The word ‘radical’ derives from the Latin radic, meaning ‘root’, and it is a root structure that inspires our approach to History + Theory in the Built Environment 1. In their 1980 work A Thousand Plateaus, the philosophical duo Gilles Deleuze and Felix Guattari presented ‘the rhizome’. Drawn from biological concepts of the radicle-systems and fascicular roots, they propose ‘the rhizome’ as a new system of valuing knowledge, as an alternative to the largely entrenched dichotomous and hierarchical nature of science and ‘objectivity’. In summary, the rhizome values multiplicity and pluralism.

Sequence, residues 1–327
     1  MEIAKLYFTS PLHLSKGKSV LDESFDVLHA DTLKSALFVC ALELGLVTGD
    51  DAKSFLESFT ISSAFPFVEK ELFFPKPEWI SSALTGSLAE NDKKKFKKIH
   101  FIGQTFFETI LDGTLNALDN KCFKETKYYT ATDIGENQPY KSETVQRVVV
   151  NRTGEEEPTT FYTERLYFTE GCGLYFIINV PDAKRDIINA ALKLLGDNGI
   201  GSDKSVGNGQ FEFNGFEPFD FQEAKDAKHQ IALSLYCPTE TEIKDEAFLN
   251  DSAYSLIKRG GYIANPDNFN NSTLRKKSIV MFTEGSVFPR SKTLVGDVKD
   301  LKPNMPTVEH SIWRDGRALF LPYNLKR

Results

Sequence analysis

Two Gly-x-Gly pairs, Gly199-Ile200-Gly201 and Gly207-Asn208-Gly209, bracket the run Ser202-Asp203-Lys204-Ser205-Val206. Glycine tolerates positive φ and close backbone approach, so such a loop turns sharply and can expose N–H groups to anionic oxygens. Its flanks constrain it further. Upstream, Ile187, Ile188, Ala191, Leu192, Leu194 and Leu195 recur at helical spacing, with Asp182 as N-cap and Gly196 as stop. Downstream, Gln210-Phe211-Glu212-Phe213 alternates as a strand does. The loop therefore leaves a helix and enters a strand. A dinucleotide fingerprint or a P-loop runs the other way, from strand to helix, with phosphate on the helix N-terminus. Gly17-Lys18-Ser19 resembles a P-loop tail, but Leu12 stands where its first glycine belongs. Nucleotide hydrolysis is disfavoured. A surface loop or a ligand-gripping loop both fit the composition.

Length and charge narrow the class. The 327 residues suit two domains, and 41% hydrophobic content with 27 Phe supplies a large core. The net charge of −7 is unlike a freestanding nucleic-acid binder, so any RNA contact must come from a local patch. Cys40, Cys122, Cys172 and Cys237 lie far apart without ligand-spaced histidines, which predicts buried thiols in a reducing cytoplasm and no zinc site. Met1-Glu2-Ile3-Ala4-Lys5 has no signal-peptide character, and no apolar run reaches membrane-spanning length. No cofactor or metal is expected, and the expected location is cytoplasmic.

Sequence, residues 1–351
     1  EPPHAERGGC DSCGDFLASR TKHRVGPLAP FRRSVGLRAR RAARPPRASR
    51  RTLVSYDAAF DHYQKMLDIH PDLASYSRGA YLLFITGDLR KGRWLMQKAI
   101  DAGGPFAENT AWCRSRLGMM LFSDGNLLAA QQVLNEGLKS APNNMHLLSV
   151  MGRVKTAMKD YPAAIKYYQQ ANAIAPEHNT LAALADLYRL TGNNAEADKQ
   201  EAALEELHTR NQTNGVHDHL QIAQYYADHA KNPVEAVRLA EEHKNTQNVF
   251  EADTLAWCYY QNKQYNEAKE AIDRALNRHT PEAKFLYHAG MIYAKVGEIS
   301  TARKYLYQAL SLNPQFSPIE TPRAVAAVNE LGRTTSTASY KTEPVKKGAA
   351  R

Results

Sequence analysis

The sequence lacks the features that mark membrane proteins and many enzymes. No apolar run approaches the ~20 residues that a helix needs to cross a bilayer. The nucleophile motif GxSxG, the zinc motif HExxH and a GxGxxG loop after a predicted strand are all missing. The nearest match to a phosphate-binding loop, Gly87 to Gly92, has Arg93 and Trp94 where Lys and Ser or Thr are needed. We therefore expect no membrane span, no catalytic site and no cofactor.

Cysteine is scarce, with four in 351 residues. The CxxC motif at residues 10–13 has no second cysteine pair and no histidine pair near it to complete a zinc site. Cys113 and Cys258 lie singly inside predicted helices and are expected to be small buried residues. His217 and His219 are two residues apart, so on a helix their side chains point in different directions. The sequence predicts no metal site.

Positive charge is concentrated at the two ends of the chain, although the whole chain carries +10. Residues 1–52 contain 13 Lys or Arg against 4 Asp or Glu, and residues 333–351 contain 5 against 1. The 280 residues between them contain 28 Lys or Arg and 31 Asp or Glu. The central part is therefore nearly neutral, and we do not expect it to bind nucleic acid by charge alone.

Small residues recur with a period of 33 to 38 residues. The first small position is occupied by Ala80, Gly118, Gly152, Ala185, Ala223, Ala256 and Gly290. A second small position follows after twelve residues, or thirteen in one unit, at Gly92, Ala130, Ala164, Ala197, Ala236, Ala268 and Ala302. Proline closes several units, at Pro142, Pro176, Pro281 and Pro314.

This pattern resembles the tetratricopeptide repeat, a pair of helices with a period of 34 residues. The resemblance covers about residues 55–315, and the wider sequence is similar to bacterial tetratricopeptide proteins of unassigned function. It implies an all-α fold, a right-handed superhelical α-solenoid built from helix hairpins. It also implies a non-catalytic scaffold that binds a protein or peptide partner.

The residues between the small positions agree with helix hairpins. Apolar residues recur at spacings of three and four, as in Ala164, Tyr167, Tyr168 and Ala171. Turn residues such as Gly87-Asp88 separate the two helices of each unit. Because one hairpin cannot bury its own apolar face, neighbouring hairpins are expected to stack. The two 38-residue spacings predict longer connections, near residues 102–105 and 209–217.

This philosophy is the approach to history that we will take in History + Theory 1. Whilst there is the one grand and fundamental chronology of years gone past, there is not just one history: there are many. The major history we usually know is the one written by the victor or those with power, but there are many more narratives to uncover and value. The rhizome philosophy forces us to consider the politics, contexts and subjectivities that affect, alter and shape the construction of history. This is our radical work: to actively ‘poke the bear’ of history from all different angles, to aggravate and synthesize new critical reconstructions and interpretations that give fair and equal voice to minorities where possible.